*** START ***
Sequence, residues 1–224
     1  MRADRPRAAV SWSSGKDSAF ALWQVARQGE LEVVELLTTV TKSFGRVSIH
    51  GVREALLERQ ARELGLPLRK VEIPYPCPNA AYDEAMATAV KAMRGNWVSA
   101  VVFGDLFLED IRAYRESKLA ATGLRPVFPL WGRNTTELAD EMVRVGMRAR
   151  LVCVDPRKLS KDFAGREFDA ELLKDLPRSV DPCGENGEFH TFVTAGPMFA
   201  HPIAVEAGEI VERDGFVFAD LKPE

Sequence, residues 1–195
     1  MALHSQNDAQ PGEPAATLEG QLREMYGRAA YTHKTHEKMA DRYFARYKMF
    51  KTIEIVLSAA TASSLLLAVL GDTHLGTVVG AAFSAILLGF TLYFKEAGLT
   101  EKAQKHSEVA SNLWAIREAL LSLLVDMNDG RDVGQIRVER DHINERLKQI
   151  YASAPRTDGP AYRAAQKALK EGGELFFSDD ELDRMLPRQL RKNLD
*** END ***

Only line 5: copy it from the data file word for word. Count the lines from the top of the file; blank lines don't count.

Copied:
   151  LVCVDPRKLS KDFAGREFDA ELLKDLPRSV DPCGENGEFH TFVTAGPMFA